Valvoline’s Changes Opens Up Opportunities (NYSE:VVV)
Valvoline’s (NYSE:VVV) current restructuring into an automobile maintenance shop may allow it to go beyond internal combustion engine maintenance and allow it to prosper in an EV future. However, current valuations are not attractive enough and the uncertainty in how management distributes the proceeds from selling their legacy business increase the risk to the downside.
Valvoline is an interesting company considering how iconic it is. The company primarily focuses on providing oil changes and other automotive services through its both franchised and company-owned locations across the US and Canada.
Valvoline used to be owned by Ashland since 1950 when they acquired the company; however, the company was reincorporated as an entity separate from Ashland with the former parent company retaining a majority stake and executed their IPO on the same year they were incorporated (2016).
However, they were originally founded back in 1866, so it is fair if some people call this company a dinosaur for being ancient. However, it seems that despite being ancient, they managed some significant progress in their strategy. This can be seen in their 10-K filings where they show in their business model how their stores have been growing in numbers while also providing positive growth over the years, in some cases being as high as 20% for some years.
While Wall Street was celebrating Valvoline’s continued growth based on the momentum Valvoline has sustained in the last few months, it seems that Quant isn’t as excited with Valvoline’s progress. Its valuation rating has declined, growth has also worsened, profitability is also in question and revisions have also gone down. It’s also worthwhile to note that momentum has also declined, so it seems Quant views this stock a lot less favorably than before.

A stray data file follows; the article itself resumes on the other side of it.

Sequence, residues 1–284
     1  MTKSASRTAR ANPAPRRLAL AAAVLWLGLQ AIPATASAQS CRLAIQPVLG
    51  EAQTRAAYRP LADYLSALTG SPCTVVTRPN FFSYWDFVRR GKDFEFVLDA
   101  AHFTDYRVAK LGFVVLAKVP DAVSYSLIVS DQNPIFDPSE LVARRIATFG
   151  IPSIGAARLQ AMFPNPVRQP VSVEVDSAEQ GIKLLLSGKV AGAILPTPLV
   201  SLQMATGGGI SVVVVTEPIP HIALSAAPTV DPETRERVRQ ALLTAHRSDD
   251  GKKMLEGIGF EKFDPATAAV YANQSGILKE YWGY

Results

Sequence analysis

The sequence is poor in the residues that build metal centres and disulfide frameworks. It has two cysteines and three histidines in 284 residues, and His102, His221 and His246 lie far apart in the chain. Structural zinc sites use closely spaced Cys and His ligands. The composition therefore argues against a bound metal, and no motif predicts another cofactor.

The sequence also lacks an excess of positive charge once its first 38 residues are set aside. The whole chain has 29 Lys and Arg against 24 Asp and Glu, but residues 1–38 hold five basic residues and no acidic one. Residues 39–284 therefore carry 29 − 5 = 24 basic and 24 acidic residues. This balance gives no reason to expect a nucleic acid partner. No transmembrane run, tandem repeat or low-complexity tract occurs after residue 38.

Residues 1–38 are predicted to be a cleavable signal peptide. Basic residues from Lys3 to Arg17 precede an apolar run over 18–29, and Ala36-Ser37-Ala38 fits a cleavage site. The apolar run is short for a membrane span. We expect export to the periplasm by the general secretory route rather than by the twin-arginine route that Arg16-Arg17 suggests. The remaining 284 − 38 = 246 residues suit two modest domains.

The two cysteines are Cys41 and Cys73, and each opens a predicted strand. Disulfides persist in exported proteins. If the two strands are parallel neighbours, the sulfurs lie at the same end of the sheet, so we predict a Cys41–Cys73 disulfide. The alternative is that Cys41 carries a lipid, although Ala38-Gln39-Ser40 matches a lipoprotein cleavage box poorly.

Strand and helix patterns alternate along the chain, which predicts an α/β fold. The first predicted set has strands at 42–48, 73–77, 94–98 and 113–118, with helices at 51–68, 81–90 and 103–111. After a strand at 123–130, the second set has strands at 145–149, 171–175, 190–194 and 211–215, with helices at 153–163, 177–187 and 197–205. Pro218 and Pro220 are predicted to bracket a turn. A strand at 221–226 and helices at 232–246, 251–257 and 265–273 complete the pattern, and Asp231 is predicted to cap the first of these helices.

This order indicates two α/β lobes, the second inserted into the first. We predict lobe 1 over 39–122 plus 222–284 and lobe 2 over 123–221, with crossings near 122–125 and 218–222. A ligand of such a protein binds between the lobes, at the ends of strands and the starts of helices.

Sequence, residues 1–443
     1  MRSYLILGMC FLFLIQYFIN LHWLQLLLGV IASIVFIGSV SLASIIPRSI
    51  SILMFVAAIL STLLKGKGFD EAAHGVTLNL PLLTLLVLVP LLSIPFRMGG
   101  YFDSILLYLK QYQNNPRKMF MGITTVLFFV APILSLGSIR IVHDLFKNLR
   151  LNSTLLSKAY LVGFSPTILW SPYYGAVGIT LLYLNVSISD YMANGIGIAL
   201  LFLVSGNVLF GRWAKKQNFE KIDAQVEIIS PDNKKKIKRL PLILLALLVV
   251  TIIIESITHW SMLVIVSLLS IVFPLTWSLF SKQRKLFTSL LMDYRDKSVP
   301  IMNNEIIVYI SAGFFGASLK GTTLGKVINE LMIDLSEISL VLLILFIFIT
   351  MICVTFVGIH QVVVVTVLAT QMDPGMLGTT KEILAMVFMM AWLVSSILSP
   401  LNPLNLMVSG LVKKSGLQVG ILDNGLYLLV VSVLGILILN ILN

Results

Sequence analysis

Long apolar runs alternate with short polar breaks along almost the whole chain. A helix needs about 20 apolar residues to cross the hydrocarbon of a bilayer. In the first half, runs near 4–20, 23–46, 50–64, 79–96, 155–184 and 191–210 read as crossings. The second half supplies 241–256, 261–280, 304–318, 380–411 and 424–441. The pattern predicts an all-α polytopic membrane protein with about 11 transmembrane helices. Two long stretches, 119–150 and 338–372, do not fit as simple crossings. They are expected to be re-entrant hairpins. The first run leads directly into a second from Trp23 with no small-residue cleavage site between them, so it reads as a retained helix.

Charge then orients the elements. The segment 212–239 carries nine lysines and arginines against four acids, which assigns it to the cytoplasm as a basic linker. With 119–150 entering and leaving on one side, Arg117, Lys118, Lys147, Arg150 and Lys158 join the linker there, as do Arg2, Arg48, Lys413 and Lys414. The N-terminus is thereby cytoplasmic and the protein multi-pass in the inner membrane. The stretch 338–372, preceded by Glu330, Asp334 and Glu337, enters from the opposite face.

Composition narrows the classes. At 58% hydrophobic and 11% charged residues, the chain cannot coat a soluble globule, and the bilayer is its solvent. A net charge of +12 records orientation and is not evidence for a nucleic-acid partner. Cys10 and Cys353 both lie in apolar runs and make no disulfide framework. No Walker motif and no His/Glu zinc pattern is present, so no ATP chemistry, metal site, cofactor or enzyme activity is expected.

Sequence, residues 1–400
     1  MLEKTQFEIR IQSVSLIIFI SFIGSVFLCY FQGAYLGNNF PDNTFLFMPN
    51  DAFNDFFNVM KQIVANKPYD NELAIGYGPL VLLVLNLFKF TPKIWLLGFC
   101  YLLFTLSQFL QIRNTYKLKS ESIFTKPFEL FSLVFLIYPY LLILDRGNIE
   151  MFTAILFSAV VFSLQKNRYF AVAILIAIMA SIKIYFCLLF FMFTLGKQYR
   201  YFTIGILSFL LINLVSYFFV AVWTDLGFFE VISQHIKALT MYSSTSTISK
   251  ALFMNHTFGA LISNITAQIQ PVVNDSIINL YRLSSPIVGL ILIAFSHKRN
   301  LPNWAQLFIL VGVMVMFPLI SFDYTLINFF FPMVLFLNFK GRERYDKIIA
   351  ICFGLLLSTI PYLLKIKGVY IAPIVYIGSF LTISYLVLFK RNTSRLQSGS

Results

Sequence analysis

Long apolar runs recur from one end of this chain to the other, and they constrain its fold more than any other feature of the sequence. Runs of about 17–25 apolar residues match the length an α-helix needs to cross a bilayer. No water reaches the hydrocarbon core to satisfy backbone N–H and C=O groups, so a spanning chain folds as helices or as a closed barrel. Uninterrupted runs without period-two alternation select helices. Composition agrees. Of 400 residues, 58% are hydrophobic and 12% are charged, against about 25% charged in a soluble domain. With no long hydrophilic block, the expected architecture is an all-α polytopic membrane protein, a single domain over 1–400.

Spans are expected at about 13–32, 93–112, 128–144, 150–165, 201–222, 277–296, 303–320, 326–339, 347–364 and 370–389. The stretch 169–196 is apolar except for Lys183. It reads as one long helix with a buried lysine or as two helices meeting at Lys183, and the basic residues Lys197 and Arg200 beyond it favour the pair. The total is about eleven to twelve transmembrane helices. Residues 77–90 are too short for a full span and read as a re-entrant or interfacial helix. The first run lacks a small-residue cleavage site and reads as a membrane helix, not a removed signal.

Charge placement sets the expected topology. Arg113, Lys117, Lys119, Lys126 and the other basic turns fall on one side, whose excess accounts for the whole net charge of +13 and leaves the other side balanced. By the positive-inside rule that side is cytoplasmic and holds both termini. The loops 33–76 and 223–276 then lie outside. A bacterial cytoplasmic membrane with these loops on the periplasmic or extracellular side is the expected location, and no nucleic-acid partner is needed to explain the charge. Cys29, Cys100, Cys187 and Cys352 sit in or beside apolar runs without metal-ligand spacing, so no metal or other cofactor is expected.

Now, relying on one tool is not a great investment strategy, especially considering that Quant isn’t exactly the best at choosing entry points. It’s also not great at timing either, and can be a little fickle.
So, time to see whether I can agree with Quant or not by looking at the company’s valuation, growth and profitability and see for myself how each metric stands up. I’ll also take a look at the business and its prospects in the future for good measure.
The company’s business model is not too complicated considering page 5 of their 2022 10-K filing literally explains what the company as a whole does on a basic level. While explained earlier in this article, the company focuses on three parts of the automobile maintenance cycle: Fluid exchange (motor oil, transmission or differential fluid and coolants), Safety (basically inflating tires or rotating them, performing safety checks or replacing bulbs), and parts replacements (12V batteries, filters, wiper blades and belts). All of them, as seen in the diagram shown below from the same filing, can be performed on a wide variety of vehicles, including EVs.
This is good news as Valvoline would definitely be ready to handle the EV evolution even if it means that their fluid replacement segment may end up discontinued in the future as Internal Combustion Engine (ICE) vehicles are slowly replaced with electric cars.
Now, when looking at their business strategy for growing the company, it reminds me a lot of how I’d picture AutoZone (NYSE:AZO) and Advance Auto Parts (NYSE:AAP) as a consumer, as these companies also provide some services that relate to vehicle maintenance. However, I do remember that you can also fix your car beyond the usual maintenance when going to their locations, so I wouldn’t expect Valvoline to reach massive heights, especially when AutoZone is an outlier in terms of size.
This also brings to the next topic, which is competition. Their industry is very competitive as it competes with maintenance providers in the same niche (the stay-in-your-car maintenance). We can also peg repair shop chains to that line of competition and any smaller workshops that provide any sort of oil changes, battery changes, tire rotations and the like, and we have a truly divided and intensely competitive market.
This means that just opening new stores is not enough, and so they’ll likely have to look for ways to expand their same-store sales; otherwise, they’ll have to close some stores. That’s never good a picture even if it cuts off the underperformers.
The good news is that the company does not exclusively run its stores, but offers franchisees the chance to run their own stores using the Valvoline brand. This could provide additional revenue, and because the franchisees are different entities in the legal landscape, their operations, costs and inefficiencies will not be reflected in Valvoline’s operations.